How did we get here?
The year is 2008 and in my life experiences I have seen some changes, but lets go back to what we came from before I was conceived.
I come from an Italian, Irish, Scottish and German background. My grandparents on both side were either union members or in the case of my fathers mother, married to one.
All had a fair slew of children, and while times were hard, with the help of being union members and being part of tight knit communities, they were able to provide for their families.
I can go on about that much more, but heres the main point, one year after Martin Luther King received the Nobel Peace Prize, and 2 after the greatest speech ever told, with a little help from WikiPedia
In 1965, Filipino American farm workers initiated the Delano grape strike on September 8, 1965, to protest in favor of higher wages. Six months later, Chávez and the NFWA led a strike of California grape pickers on the historic farmworkers march from Delano to the California state capitol in Sacramento for similar goals. In addition to the strike, the UFW encouraged all Americans to boycott table grapes as a show of support. The strike lasted five years and attracted national attention.I was brought up into a family that forever told the story of how absolutely no one would buy California grapes. Not your friends, not your butcher and not your landlord.
We were Americans, be it from Ireland, Italy or the Philippines, we had community and although there were great racial tensions, ignorance and fear. Working people stuck together. Communities of working class people stuck together.
America was healing from the racial divide, labor was on the rise and the American family could eek it bye on one salary.
We now have a new slave class. New immigrants who are encouraged by their own governments to enter the country illegally. Why not? The US dollars wind up into the originating countries economy. From the meatpacking industry, construction, farming to service work, illegal immigration is a highly lucrative business. It lets companies get away with having the tax-paying citizens subsidize their own tax burden. It has also thrown back the labor standards into that of a third world country. It is the force that could potentially break the back of organized labor here in the US.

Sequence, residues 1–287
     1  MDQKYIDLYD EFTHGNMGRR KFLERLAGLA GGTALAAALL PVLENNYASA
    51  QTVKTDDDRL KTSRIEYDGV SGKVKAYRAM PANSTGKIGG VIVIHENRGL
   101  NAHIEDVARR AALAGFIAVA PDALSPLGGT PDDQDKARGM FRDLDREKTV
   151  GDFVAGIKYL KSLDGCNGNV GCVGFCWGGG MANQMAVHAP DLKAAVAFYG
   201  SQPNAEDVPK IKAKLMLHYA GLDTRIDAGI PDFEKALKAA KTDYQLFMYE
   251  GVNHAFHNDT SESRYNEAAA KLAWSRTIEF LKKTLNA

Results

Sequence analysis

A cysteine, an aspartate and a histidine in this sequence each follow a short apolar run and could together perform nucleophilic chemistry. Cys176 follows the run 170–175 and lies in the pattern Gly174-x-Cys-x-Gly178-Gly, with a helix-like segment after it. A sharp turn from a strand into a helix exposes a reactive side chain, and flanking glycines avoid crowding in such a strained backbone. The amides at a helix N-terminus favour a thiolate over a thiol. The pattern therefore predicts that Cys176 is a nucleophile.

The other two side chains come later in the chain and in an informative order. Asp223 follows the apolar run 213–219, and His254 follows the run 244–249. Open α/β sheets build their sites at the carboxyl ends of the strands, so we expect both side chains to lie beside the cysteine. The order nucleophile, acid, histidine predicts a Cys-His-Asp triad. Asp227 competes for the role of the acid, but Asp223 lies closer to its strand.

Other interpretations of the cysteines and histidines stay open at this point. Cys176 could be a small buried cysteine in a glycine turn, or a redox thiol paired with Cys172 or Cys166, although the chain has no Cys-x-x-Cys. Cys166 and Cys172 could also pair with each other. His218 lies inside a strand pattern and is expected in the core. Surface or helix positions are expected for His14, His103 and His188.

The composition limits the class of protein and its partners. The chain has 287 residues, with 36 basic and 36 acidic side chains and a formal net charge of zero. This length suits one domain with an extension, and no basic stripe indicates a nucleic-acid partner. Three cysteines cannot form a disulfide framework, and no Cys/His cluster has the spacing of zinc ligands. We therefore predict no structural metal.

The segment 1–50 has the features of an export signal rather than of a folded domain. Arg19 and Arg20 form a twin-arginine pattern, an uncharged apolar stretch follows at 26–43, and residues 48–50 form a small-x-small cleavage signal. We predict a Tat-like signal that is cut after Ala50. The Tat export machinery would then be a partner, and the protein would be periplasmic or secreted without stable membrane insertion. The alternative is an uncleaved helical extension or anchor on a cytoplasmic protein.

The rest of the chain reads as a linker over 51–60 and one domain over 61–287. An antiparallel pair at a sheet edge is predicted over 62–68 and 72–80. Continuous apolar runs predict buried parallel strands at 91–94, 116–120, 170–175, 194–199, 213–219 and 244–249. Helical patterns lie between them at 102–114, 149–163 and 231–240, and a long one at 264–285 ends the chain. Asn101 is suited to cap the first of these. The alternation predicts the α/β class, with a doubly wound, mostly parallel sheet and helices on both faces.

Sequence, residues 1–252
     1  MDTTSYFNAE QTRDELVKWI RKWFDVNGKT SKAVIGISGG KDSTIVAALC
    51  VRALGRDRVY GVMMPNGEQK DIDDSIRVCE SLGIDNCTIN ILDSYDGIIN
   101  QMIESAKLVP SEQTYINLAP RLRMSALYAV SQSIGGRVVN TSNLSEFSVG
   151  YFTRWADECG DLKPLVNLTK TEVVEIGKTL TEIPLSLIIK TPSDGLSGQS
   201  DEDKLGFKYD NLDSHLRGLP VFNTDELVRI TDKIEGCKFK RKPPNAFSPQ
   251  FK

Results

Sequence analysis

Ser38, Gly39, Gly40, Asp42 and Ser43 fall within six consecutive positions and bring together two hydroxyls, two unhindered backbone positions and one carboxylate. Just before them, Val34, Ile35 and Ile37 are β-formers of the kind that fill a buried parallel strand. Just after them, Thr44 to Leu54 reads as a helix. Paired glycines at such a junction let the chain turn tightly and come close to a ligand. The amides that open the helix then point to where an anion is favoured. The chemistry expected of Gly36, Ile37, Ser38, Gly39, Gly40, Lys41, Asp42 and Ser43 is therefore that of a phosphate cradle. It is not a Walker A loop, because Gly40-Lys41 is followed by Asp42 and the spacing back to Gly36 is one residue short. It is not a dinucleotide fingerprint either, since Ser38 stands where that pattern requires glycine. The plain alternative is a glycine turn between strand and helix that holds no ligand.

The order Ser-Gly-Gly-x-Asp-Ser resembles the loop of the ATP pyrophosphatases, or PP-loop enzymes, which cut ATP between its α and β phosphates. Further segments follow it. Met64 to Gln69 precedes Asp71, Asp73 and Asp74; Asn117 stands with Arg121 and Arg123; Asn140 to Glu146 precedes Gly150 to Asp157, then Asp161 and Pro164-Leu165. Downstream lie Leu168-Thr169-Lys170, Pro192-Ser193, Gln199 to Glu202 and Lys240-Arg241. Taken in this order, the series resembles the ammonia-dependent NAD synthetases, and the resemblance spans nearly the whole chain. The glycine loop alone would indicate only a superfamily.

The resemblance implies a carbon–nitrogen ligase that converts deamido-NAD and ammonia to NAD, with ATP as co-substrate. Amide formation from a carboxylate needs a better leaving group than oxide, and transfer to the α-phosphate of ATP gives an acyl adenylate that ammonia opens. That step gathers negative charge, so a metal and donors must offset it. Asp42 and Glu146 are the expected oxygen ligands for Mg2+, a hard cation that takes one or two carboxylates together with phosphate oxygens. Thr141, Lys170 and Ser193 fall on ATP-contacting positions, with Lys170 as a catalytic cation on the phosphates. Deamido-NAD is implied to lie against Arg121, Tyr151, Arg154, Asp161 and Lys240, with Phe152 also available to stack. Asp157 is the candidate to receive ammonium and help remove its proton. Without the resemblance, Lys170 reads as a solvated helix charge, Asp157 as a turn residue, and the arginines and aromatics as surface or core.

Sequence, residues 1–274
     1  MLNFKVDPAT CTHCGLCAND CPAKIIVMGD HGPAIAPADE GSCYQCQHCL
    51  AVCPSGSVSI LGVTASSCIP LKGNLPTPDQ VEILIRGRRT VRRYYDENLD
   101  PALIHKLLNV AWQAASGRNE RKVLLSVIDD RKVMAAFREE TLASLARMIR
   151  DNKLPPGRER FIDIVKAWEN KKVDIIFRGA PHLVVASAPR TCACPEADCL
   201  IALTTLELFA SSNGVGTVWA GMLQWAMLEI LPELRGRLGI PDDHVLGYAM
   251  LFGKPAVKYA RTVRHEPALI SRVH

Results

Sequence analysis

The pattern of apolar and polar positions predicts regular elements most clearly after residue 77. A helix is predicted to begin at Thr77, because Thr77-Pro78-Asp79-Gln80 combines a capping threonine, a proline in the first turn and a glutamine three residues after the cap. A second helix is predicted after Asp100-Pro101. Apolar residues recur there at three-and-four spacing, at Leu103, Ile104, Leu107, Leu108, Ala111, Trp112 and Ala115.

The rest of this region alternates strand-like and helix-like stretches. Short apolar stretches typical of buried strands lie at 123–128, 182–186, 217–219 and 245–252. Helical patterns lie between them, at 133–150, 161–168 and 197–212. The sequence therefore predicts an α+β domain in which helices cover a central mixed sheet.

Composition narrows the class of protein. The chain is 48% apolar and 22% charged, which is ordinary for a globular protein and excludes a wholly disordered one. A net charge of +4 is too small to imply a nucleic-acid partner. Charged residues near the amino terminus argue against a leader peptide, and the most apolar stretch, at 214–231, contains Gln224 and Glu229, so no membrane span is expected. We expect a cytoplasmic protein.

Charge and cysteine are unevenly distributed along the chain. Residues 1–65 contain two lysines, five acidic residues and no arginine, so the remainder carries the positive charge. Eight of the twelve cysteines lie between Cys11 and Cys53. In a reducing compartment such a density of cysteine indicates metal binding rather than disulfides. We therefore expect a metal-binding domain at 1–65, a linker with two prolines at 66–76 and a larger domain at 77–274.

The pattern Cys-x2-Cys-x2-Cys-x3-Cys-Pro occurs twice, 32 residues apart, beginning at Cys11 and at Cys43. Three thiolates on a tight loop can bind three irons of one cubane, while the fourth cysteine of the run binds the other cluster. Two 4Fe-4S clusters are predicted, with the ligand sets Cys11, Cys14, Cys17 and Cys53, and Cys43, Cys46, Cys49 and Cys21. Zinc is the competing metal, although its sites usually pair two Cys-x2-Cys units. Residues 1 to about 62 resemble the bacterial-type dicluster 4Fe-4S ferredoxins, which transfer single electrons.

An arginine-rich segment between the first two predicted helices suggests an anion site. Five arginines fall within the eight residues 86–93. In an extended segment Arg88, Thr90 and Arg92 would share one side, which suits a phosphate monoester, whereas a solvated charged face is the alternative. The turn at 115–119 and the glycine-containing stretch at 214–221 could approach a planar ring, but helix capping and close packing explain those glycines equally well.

Slavery and/or slave like conditions are getting more widespread in the USA, more than 100 years after it was abolished.
While most of my readers have read about sweatshop construction practices, most recently the 400 or so pipefitters from India who came here for the price of $20,000 a head, were lied to and told that the investment would provide them an eventual Green Card, when all they actually got was an 11 month H2B Visa. The conditions in which they work were deplorable to say the least. Never mind the fact that the Visa's which were issued are for workers when there isn't a qualified American to do the job. I for one know matter of factly that there are quite a few Americans ready, willing and able to do that work. It's a blatant display of outright fucking of the American worker, and the by-product of which is that these Indian workers got screwed in the process.
What have we become?
Why are corporations so monstrous in their methods of totally screwing working people?
When is the beating of the working man and woman in the United States going to end?
Is it going to end?
Well heres a campaign which brings us to the original topic at hand, todays new immigrants on the farms are no longer from the Philippines, but the conditions have not gotten better. In fact according to the AFL-CIO's WebBlog, the tomato fields in South Florida are among the most deplorable slave like working conditions here in the US:
More than 100 years after our nation ended slavery, the mostly immigrant workers who today pick tomatoes for the fast-food industry still are being treated like slaves. They are among the most exploited workers in the country, sometimes held against their will, beaten and forced to work for little or no pay. Thousands more are trying to survive on poverty wages with no sick leave and no freedom to join unions for a better life.
They are fighting back, demanding to be treated fairly, and they need your help. The workers are reaching out to 1 million people to sign a petition demanding that Burger King and food industry leaders work with the Coalition of Immokalee Workers (CIW) to improve the wages and conditions for the workers who pick tomatoes.
You can act now to urge Burger King to do the right thing and treat these workers with common human decency and respect. Click here to sign the petition to eliminate modern-day servitude in America’s produce fields and join an industry wide effort to eliminate slavery and human rights abuses from Florida’s fields.
We can make a difference, Get E-Active, sign the petition, we owe it to our forefathers who 40 years ago would have boycotted, signing a petition is the least we can do. Here in America we have workers who are enduring...
- poverty wages, rooted in an antiquated piece-rate pay system that hasn’t changed significantly in nearly 30 years;
- long hours without overtime pay when work is available, unemployment and transience when it is not;
- physical abuse and wage fraud by crewleaders, supervisors, and growers;
- damage to body and soul from back-breaking labor, with no employment benefits such as sick days, paid leave, health insurance, or pensions;
- retaliation against workers who protest or organize to alleviate these inhuman conditions;
- and, most shamefully, modern-day slavery, with six successful federal prosecutions of farm labor operations for servitude in Florida over the past decade, and a seventh just initiated, involving well over 1,000 workers and more than a dozen farm employers;
They encourage it with their bipartisan donations and lobbying efforts.